Astigmatism is the result of an inability of the cornea to properly focus an image onto the retina. The result is a blurred image.


The cornea is the outermost part of the eye. It is a transparent layer that covers the coloured part of the eye (iris), pupil, and lens. The cornea bends light and helps to focus it onto the retina where specialised cells (photo receptors) detect light and transmit nerve impulses via the optic nerve to the brain where the image is formed. The cornea is dome shaped. Any incorrect shaping of the cornea results in an incorrect focusing of the light that passes through that part of the cornea. The bending of light is called refraction and focusing problems with the cornea are called diseases of refraction or refractive disorders. Astigmatism is an image distortion that results from an improperly shaped cornea. Usually the cornea is spherically shaped, like a football. However, in astigmatism the cornea is elliptically shaped, more like a rugby ball. There is a long meridian and a short meridian. These two meridians generally have a constant curvature and are generally perpendicular to each other (regular astigmatism). Irregular astigmatism may have more than two meridians of focus and they may not be 90 degrees apart. A point of light, therefore, going through an astigmatic cornea will have two points of focus, instead of one nice sharp image on the retina. This will cause the person to have blurry vision. What the blur looks like will depend upon the amount and the direction of the astigmatism. A person with nearsightedness (myopia ) or farsightedness (hyperopia ) may see a dot as a blurred circle. A person with astigmatism may see the same dot as a blurred oval or frankfurter-shaped blur.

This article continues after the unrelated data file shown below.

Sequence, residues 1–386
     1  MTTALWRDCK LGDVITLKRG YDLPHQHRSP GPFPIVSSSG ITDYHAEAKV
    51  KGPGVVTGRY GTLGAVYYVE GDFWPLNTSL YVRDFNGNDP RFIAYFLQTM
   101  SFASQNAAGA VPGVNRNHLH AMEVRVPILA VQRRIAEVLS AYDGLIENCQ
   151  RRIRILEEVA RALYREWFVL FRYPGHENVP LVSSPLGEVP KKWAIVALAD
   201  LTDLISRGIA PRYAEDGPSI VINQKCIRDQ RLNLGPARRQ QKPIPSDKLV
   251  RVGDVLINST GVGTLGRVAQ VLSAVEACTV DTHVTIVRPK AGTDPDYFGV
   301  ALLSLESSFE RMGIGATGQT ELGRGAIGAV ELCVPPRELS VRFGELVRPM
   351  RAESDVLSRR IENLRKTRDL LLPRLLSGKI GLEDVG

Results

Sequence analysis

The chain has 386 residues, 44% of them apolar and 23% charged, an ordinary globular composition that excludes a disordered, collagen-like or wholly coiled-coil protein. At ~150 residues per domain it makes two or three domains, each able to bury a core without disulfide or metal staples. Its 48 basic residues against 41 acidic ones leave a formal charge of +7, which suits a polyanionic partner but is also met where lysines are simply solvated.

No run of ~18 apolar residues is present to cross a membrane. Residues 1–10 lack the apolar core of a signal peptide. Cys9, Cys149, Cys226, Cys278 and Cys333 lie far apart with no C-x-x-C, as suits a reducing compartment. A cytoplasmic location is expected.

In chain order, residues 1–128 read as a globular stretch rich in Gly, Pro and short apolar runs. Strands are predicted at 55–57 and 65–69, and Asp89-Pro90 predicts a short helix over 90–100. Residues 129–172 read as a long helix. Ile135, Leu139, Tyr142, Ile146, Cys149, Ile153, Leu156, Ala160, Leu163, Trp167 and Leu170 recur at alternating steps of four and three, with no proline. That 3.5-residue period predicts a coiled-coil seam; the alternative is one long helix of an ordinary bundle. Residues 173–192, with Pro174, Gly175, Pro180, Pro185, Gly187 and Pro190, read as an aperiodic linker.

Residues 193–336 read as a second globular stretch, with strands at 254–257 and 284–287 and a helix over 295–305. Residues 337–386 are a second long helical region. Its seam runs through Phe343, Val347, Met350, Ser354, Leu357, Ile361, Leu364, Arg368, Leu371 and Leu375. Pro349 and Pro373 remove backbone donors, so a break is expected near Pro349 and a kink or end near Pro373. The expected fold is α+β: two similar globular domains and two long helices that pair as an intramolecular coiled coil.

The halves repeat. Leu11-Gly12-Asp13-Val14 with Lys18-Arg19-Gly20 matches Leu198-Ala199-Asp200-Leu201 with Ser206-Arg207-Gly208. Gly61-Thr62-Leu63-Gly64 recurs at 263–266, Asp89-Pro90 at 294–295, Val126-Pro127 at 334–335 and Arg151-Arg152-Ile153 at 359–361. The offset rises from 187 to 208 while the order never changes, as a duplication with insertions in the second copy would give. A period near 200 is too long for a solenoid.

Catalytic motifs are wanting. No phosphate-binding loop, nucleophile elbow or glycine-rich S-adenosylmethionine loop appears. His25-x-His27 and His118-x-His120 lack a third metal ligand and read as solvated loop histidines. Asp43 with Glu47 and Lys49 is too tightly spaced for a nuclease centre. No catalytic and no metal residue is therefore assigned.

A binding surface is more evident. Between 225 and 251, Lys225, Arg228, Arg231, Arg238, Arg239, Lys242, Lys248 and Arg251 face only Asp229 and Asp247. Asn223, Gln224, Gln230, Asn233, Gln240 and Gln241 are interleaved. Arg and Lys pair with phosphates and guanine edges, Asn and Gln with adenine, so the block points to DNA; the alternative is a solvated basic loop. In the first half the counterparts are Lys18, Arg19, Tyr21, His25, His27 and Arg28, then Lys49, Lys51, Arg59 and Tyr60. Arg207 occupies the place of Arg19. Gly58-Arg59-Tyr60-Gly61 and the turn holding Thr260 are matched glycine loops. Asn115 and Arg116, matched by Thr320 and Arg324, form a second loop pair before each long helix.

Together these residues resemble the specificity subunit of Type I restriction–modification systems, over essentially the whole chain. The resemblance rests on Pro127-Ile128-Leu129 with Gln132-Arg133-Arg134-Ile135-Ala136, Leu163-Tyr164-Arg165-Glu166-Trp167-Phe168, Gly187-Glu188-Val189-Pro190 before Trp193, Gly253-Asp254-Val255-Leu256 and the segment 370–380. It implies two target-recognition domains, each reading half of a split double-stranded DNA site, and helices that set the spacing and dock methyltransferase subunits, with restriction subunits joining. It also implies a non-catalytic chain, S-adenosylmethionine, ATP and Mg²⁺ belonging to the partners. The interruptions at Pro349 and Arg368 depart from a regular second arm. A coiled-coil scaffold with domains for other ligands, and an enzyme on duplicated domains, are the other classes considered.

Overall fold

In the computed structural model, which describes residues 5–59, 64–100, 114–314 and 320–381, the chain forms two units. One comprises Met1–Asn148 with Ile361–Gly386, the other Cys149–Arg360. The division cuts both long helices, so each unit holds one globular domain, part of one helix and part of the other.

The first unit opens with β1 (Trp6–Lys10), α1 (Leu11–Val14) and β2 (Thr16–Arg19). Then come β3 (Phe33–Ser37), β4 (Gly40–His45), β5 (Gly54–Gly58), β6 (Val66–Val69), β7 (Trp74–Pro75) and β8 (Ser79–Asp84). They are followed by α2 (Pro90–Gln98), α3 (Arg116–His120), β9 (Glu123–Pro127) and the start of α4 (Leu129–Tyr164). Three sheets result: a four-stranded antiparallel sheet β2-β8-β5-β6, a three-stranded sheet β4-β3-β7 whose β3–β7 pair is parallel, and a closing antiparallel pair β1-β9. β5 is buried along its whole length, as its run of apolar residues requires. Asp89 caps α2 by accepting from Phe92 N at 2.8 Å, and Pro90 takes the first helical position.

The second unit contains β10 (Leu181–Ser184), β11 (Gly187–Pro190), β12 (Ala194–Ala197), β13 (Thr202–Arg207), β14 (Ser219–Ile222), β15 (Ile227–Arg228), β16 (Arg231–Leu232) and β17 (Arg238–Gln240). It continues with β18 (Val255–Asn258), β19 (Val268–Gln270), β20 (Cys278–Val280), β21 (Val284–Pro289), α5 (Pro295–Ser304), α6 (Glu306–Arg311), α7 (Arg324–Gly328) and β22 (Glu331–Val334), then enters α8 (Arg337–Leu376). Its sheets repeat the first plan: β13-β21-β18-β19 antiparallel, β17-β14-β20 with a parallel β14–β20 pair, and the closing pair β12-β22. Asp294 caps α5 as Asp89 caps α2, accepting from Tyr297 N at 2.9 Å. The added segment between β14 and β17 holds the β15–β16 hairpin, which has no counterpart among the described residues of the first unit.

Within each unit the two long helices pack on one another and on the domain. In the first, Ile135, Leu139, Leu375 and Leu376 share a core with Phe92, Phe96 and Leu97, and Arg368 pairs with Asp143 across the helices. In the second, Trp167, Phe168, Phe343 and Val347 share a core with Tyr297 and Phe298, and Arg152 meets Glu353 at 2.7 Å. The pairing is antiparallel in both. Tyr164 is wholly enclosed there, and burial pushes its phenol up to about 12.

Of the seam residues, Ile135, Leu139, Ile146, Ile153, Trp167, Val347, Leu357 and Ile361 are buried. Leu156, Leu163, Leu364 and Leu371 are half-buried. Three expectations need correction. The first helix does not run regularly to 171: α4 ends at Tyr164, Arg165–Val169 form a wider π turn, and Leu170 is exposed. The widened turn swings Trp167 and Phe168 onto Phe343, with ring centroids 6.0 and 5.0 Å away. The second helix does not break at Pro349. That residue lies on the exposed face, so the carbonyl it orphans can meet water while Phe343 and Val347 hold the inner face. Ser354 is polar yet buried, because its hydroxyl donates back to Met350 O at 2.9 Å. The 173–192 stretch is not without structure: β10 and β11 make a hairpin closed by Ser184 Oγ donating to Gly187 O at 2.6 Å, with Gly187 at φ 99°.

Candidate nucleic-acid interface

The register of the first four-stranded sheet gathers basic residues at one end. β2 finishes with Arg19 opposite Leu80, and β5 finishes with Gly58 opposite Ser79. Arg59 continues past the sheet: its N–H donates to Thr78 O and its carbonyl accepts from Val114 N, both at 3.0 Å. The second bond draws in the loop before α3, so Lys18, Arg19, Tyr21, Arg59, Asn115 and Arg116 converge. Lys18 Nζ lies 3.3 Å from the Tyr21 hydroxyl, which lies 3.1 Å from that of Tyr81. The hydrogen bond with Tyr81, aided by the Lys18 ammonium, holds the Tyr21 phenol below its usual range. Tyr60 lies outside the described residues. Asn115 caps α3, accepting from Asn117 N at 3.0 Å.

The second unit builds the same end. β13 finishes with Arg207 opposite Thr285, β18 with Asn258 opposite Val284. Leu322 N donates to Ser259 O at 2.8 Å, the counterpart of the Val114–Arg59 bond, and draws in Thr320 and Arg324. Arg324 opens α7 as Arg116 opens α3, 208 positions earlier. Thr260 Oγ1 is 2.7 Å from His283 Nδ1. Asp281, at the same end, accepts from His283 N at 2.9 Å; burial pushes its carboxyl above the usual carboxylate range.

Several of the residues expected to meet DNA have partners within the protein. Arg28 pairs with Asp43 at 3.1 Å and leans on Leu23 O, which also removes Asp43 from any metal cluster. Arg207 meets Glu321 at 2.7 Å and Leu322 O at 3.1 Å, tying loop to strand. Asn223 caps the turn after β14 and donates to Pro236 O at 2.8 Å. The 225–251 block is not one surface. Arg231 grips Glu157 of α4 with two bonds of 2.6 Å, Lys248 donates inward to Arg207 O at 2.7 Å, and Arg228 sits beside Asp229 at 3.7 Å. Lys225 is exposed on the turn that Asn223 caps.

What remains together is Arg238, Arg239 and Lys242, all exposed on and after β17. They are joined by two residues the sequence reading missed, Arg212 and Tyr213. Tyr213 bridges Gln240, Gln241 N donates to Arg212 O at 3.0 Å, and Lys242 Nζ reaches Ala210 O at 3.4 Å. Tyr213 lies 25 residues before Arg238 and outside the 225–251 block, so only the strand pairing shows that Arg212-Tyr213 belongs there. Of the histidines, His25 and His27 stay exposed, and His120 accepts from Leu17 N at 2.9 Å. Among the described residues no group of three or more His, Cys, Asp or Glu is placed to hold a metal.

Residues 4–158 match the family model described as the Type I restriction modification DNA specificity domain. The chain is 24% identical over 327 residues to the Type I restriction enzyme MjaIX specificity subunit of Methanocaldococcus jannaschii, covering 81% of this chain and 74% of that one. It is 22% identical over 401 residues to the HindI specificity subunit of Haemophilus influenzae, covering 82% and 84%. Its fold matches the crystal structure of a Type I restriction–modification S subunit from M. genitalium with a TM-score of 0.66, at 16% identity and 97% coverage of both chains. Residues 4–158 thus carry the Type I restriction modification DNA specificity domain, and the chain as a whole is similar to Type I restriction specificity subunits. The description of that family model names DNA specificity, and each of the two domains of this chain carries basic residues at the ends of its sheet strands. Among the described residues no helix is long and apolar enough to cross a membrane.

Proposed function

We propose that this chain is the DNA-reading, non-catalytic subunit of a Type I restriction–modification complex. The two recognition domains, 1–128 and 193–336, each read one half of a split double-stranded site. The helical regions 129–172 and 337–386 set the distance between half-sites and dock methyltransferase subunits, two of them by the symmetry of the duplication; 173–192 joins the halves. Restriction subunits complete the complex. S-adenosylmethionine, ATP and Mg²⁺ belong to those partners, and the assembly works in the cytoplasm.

Some cases of astigmatism are caused by problems in the lens of the eye. Minor variations in the curvature of the lens can produce minor degrees of astigmatism (lenticular astigmatism). In these patients, the cornea is usually normal in shape. Infants, as a group, have the least amount of astigmatism. Astigmatism may increase during childhood, as the eye is developing.

Causes and symptoms

The main symptom of astigmatism is blurring. People can also experience headaches and eyestrain. Parents can notice that a child may have astigmatism when the child can see some part of a pattern or picture more clearly than others. For example, lines going across may seem clearer than lines going up and down.

Regular astigmatism can be caused by the weight of the upper eyelid resting on the eyeball creating distortion, surgical incisions in the cornea, trauma or scarring to the cornea, the presence of tumors in the eyelid, or a developmental factor. Irregular astigmatism can be caused by scarring or keratoconus. Keratoconus is a condition in which the cornea thins and becomes cone shaped. It usually occurs around puberty and is more common in women. Although the causes of keratoconus are unknown, it may be hereditary or a result of chronic eye rubbing, as in people with allergies. The centre of the cone may not be in line with the center of the cornea. Diabetes can play a role in the development of astigmatism. High blood sugar levels can cause shape changes in the lens of the eye. This process usually occurs slowly and, often, is only noticed when the diabetic has started treatment to control their blood sugar. The return to a more normal blood sugar allows the lens to return to normal and this change is sometimes noticed by the patient as farsightedness. Because of this, diabetics should wait until their blood sugar is under control for at least one month to allow vision to stabilise before being measured for eyeglasses.